Despite the rhetoric, it’s unlikely those charges will intimidate many experts. For one, says Giles Ungpakorn, a political scientist at Chulalongkorn University, the king’s speech in 2006 was primarily a reaction to widespread calls for him to replace Thaksin by unilaterally appointing a new cabinet under Article 7, a vague clause in the 1997 Constitution. The king forcefully debunked this in his address.
“I have suffered a lot,” Bhumibol said in April 2006. “Whatever happens, people call for a royally appointed prime minister, which would not be democracy. If you cite Article 7 of the constitution, it is an incorrect citation. You cannot cite it. Article 7 has two lines: Whatever is not stated by the constitution should follow traditional practices. But asking for a royally appointed prime minister is undemocratic. It is, pardon me, a mess. It is irrational.”
In the speech, the king essentially called for a constitutional solution to the political stalemate. What resulted, however, was a military coup that turned the tables on the country’s fragile democracy.
“The drafters will claim they are following the policies of the palace, but it’s much more complicated than that,” Giles said. “Moreover, the monarchy is just one institution. There are 65 million other people in Thailand who deserve an equal say in how the country is run.”
Vorajet Pakirat, a law lecturer at Thammasat University, added: “I think the king wanted judges to perform a duty unique to the situation in April last year. But no one can say the king would like to expand the power of judges in this constitution.”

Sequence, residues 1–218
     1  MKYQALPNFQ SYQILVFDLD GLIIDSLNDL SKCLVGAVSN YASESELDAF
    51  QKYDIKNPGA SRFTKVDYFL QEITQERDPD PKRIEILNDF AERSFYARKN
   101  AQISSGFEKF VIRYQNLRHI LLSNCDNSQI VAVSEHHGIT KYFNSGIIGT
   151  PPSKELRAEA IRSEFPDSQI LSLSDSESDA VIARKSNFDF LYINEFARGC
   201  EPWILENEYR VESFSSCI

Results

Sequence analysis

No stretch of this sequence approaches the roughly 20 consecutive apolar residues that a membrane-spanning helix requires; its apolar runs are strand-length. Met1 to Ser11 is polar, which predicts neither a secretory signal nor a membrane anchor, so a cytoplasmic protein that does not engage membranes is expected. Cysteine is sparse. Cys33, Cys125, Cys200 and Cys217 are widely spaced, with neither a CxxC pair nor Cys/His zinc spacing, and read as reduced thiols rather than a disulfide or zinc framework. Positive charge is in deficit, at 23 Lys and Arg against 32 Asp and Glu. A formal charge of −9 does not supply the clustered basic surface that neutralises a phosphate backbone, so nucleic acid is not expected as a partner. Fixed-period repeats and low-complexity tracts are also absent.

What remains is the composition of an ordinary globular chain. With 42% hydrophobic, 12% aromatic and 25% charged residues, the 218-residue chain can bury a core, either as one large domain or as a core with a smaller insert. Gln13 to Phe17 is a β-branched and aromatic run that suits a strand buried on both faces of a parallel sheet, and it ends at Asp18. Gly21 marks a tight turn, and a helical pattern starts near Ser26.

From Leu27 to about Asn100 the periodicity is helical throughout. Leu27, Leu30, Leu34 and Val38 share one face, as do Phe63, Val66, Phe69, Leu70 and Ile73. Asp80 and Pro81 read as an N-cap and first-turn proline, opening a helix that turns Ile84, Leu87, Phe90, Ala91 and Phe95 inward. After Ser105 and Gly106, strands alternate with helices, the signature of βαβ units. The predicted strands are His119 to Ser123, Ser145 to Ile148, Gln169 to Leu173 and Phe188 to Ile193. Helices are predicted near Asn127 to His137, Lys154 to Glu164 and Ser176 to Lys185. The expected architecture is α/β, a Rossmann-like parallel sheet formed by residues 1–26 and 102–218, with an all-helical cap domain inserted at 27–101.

Giles said the whole justice system should be overhauled, from the police to judges to bureaucrats. He advocates trials by jury and elections for judges to increase public accountability.
“The constitution has a problem right from the start,” he said. “Giving power to unelected civil servants who tend to be very conservative is a step backwards.”
Of course, there is still time to make changes to the constitution, and it appears that some judicial powers will be scaled back. Jaran Pakdithanakul, deputy chairman of the CDC and a former Supreme Court official who played a key role in the extrajudicial calls for the election commissioners to resign last year, conceded last week that the balance of power could be thrown off if judges have too many powers and responsibilities.
Even so, that doesn’t mean certain judges are finished in the quest to sort out the country’s political situation. On May 30, the military-created Constitution Tribunal will decide whether to dissolve Thailand’s top political parties: Thaksin’s Thai Rak Thai and the Democrat party.